THERMOS 4: Daniel Khalastchi, “Send Weight”

When I read “Send Weight” for the first time five years ago, I felt that I had never read anything quite like it. I still feel that way today. I’ll write about why elsewhere, but essentially, it has this effect: it makes me feel quiet. For that reason and others, it’s one of my favorite sequences, one of my favorite poems. When we published it in our fourth issue, we selected 2/3 of the poems, leaving the other 1/3 out for spatial reasons. I’m happy now to finally have the chance to publish “Send Weight” in its entirety. I hope you enjoy it — AS



The Commission:


Standing on the edge
of his neighbor’s cattled yard,
Reza Kholoff
has made the decision
to purchase a jacket. Soon,
when the day breaks
down in beat
high yellow, he will leave his litter,
head into town,
and retrieve the first full cover
the first salesman shows
him, without first looking
at the price. The cloth set
on body must hold
together, but there is little
other mandate.
On the frontage gravel road
pulling long behind his pasture,
the sister of an old school-
mate drives past,
kicking rocks back at the
bovine, tapping her palm
against the door panel
to the beat of left music.
With the windows down,
the cab of the pick-up must
be incredibly dusty. Her
head is sewn against the
seat rest. She is not coughing.



No Pretend: (Walking Suite — Morning)


Stretched long, the cover
up over is tallied with white
ticks of lynched
columns, pushing
against their middle
as spleened banks along
a river, waiting to give back
the bend. Many large
paces ahead of him, Reza’s
Nissan is fallen,
surrounded by a steep
of Dutch rabbits and
Maine Coon that must
belong to one of the
other cats still behind
him in the shade by
the feeders. Closer
to the handle, like lines
hip the rocker panels,
cleeting attention
as he steps nearer
the beast. Able reach
to under-cup,
the door latch plays
against rolled bails off-set
by leveled framing. When he shoots
the gas to draw up the cylinders,
everything stays still
on the dash. The windshield loads
blue tint to heavy
clear the day pulled out. Reza doesn’t
turn his head while reversing
from the drive. He uses his mirrors,
maintains a cushion of safety.



Trouble If: (Clear Out)


Left limp
wrist held over
the steering yoke,
Reza birds his thumb
against the shift
column, allowing
the right lower digits
to kibble for a
station. Between commercials,
there is pitched rent
of female melisma running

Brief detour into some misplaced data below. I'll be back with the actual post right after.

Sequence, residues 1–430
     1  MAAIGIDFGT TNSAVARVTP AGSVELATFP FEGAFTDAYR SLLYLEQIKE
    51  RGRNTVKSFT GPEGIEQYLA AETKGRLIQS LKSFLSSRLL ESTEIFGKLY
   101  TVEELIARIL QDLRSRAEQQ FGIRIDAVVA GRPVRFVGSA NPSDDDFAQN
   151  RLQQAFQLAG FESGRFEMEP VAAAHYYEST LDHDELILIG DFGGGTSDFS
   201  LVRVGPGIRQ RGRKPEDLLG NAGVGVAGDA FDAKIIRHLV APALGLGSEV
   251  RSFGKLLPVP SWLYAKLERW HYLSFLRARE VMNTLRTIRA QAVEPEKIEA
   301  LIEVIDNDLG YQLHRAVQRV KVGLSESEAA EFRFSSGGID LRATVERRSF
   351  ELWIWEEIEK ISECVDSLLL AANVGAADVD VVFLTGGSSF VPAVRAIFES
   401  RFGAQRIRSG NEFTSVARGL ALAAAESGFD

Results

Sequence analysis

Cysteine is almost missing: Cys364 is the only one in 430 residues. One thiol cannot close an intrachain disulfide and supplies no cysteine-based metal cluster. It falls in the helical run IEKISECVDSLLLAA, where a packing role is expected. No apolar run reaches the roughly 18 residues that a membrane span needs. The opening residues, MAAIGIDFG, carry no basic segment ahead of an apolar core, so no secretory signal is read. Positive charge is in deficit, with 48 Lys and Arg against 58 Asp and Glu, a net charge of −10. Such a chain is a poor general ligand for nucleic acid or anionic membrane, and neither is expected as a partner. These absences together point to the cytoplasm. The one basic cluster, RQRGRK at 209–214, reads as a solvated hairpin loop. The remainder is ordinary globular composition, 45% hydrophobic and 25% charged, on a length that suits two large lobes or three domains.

into failed signal
as he bows the leg
of a cross bridge. School
buses pass
single file nearer the shoulder,
making way, Reza imagines,
to a toothbrush
factory in the district
so the kids
can watch hot plastic
fastened to cut bristles
before packaging. A boy in
the last bus is making
faces and hand gestures
through the clear out
emergency exit but
his classmates aren’t
watching. The lanes around them
fold 200 yards before a set of train
tracks laying west
and east as an underused
option. When the procession
slows, the doors of the
first bus open
into open growth. Song castles split
latched gates inside the carriage. This will
happen two more times.



It’s Not That: (Power 107.9)


A mamma bird leans in her nest to feed
some all her babies. In chewing first the find
of worms, she makes less work their throats and needs
not keep survival fear for now on mind.
When one or two or three or all her rows
hold back their begging, mamma bird will rent a condo
or chest-take shots from a pellet gun. Below
the gutter of houses around her, baths swallow
cement hands still shown
to be a cleanser. Peanut butter suet
cages press against loose siding blown
down during storms last spring. As she knew it
then, mamma bird knows now provision has limits.
This close, the panic is screaming: the limit the limit the limit.



Ooh-Ooh:


Shocks don’t stop
the rumble of axels
and motor-fill as
Reza crosses the
crossing. Having
allowed more space
between himself
and the busses that
passed him, the sounds
of rubber, of
pulled com-press
lowed above laid asphalt,
teakettle through
the door gaps and gutter-
buck the cabin space to which
the children are no longer
facing. From the air
letting in the vents,
the weather appears
to have stayed considerate.
This has happened
before: warmer days
cut between the snowfall;
screens set back in place
of storm panes, left facing
painted wood for seven
more
weeks. The tricks
small animals do aren’t really
that impressive. Reza is
sitting. Shaking. Playing
with the skin under
his index finger knowing
he needs a coat. There is
a turning lane ahead that has